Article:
The Huu-ay-aht Group of Businesses (HGB) does not currently meet the criteria for this subsidy because the limited partnership structure is not considered an “eligible employer”.
HGB fears the economic impact will be far greater than 30 per cent. In March, the Group of Businesses saw a 34 per cent decrease in forestry revenue, a 44 per cent drop in sales at the Market in Bamfield, and a 65 per cent drop in their hospitality revenue. Based on these numbers, HGB estimates they will have to trim their budget 30 to 50 per cent over previous years.
HGB employs 55 full-time equivalent positions during its peak season. So far, they have been carrying a significant amount of staffing costs in hopes that the subsidy will become available, but that is not sustainable.
Chief Councillor Robert J. Dennis Sr. points out the impact goes well beyond revenue and will have a significant social cost to the Nation as well. Most of the employees at the Group of Businesses are Huu-ay-aht citizens. If they are not employed, the Nations will see a rise in needs from their citizens in a year that the income for the Nation will be down significantly.
“We are the major employer in the region, and if we are forced to make cuts this will be devastating to the Bamfield and Alberni Valley economy,” Dennis explains. “Bamfield’s economy was just starting to rebound after years of neglect because of Huu-ay-aht’s investment in the community. I fear this will set us back again.”
Dennis says the Nation is already developing an economic recovery plan. Still, the small fishing community on the West Coast of Vancouver Island faces economic decline unless the federal government changes the restrictions on Indigenous businesses. Dennis points out that Huu-ay-aht is not alone in their concerns. Many Indigenous-owned businesses will be ineligible because of the limited partnership requirement and because it excludes businesses that are operated “on-reserve as a corporation that is tax exempt under the Income Tax Act”.
TFL 44 Limited Partnership (“TFL 44”) is pleased to announce that the United Steelworkers (“USW”) members have ratified new contracts with TFL 44 contractors and that TFL 44 has initiated plans to return to work.
“We are excited to get people back to work,” said Robert J. Dennis Sr., TFL 44 Board Member and Chief Councillor of the Huu-ay-aht First Nations. “We formed a partnership last year with Western Forest Products to advance our shared vision of forestry revitalization and reconciliation. Our focus has been to collaborate with all stakeholders to manage the forest resource to provide good paying, sustainable jobs while respecting sound environmental practices. This ratification will allow us to make meaningful progress towards that vision.”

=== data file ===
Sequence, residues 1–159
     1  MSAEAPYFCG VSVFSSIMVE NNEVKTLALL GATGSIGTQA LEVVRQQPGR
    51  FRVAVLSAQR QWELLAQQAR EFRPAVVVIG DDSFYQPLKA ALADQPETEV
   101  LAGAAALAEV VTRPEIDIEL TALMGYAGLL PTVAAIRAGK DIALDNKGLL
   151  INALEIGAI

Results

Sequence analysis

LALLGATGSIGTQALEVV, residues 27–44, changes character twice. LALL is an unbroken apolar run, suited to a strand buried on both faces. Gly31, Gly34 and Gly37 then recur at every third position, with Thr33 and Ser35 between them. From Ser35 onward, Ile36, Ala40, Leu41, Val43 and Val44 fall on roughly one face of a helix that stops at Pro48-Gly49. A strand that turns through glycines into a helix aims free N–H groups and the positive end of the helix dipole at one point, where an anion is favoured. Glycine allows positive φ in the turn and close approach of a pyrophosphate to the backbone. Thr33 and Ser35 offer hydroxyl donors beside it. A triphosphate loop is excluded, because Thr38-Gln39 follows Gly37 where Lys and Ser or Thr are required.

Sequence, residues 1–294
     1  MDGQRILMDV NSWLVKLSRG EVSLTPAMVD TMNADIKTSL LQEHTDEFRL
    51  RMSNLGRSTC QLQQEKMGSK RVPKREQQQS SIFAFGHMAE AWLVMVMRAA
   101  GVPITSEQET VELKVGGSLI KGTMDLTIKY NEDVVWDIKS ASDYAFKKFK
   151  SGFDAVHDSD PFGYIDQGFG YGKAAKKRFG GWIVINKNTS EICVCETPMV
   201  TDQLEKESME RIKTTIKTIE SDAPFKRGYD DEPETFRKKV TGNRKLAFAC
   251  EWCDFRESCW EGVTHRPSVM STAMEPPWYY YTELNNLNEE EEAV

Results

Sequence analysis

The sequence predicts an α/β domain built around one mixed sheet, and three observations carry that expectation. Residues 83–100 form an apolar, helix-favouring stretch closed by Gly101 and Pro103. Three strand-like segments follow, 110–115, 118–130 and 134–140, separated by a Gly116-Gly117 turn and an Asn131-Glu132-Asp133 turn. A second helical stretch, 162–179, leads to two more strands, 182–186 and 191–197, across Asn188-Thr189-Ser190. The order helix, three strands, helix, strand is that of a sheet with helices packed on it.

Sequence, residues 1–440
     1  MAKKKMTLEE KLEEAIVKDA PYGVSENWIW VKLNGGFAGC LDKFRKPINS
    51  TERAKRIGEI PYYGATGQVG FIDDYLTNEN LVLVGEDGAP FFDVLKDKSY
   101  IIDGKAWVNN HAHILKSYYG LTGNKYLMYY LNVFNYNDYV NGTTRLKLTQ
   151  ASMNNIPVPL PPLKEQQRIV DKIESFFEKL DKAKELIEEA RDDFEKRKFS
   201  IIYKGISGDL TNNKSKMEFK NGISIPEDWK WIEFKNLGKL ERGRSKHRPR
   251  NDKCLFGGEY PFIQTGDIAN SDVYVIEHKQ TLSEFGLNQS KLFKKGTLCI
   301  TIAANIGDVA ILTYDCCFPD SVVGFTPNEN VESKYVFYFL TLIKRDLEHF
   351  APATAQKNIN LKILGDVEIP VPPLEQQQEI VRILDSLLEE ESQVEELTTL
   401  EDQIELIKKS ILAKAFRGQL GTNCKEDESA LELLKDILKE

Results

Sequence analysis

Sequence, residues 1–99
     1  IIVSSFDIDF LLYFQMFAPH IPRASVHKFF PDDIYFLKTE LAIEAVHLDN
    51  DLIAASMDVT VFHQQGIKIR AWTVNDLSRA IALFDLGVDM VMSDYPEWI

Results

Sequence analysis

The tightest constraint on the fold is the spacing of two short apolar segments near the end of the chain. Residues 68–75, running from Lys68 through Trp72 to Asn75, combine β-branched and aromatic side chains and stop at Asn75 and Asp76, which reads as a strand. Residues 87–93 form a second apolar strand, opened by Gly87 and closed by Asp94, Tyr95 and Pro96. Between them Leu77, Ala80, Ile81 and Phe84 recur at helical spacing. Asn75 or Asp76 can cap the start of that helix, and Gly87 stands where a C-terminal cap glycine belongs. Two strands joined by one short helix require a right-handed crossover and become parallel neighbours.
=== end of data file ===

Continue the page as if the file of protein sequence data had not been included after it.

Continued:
The strike by approximately 100 USW members was against three contractors: Island Forest Company, Big Lake Logging and Mount Sicker Timber. The agreement contains provisions that address particular concerns to workers in TFL 44 and generally mirrors the one signed by USW Local 1-1937 members in February 2020.
“We are glad this strike is behind us so we can turn the page and move forward together,” said Shannon Janzen, TFL 44 Board Member. “We are in a time of unprecedented global uncertainty and moving past labour disputes is critical to increasing stability for the forest sector. This includes TFL 44’s ability to provide fibre to the local Alberni Pacific Division sawmill.”
In a special Executive Council meeting last week, members of the Executive Council agreed that COVID-19 and coronavirus present an immediate and significant threat to Huu-ay-aht citizens and staff and to the broader community. Following the lead of various levels of government that have taken extraordinary measures to protect Canadians, the Nation has decided to take more extreme measures.
In light of this step, Chief Councillor Robert J. Dennis Sr. has issued the following statement for citizens.
Letter to Citizens – State of Emergency